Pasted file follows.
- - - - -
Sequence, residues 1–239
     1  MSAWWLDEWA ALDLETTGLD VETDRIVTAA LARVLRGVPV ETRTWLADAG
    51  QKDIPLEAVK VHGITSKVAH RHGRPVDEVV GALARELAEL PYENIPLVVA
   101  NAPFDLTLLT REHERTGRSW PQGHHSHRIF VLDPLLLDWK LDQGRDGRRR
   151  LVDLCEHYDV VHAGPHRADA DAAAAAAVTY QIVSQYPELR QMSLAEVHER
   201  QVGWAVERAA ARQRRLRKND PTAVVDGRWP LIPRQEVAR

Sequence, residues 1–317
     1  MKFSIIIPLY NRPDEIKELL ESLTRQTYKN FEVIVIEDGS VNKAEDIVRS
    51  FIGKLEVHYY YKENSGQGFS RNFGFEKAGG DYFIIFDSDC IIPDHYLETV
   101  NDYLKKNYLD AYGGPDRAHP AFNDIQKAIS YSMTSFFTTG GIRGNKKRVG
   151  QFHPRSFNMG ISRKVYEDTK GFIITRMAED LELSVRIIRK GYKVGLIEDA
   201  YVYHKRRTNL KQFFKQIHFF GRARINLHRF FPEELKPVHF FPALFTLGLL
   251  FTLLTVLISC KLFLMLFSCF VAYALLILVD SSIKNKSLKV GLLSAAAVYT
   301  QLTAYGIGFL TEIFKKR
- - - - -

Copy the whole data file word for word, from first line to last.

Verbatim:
Sequence, residues 1–239
     1  MSAWWLDEWA ALDLETTGLD VETDRIVTAA LARVLRGVPV ETRTWLADAG
    51  QKDIPLEAVK VHGITSKVAH RHGRPVDEVV GALARELAEL PYENIPLVVA
   101  NAPFDLTLLT REHERTGRSW PQGHHSHRIF VLDPLLLDWK LDQGRDGRRR
   151  LVDLCEHYDV VHAGPHRADA DAAAAAAVTY QIVSQYPELR QMSLAEVHER
   201  QVGWAVERAA ARQRRLRKND PTAVVDGRWP LIPRQEVAR

Sequence, residues 1–317
     1  MKFSIIIPLY NRPDEIKELL ESLTRQTYKN FEVIVIEDGS VNKAEDIVRS
    51  FIGKLEVHYY YKENSGQGFS RNFGFEKAGG DYFIIFDSDC IIPDHYLETV
   101  NDYLKKNYLD AYGGPDRAHP AFNDIQKAIS YSMTSFFTTG GIRGNKKRVG
   151  QFHPRSFNMG ISRKVYEDTK GFIITRMAED LELSVRIIRK GYKVGLIEDA
   201  YVYHKRRTNL KQFFKQIHFF GRARINLHRF FPEELKPVHF FPALFTLGLL
   251  FTLLTVLISC KLFLMLFSCF VAYALLILVD SSIKNKSLKV GLLSAAAVYT
   301  QLTAYGIGFL TEIFKKR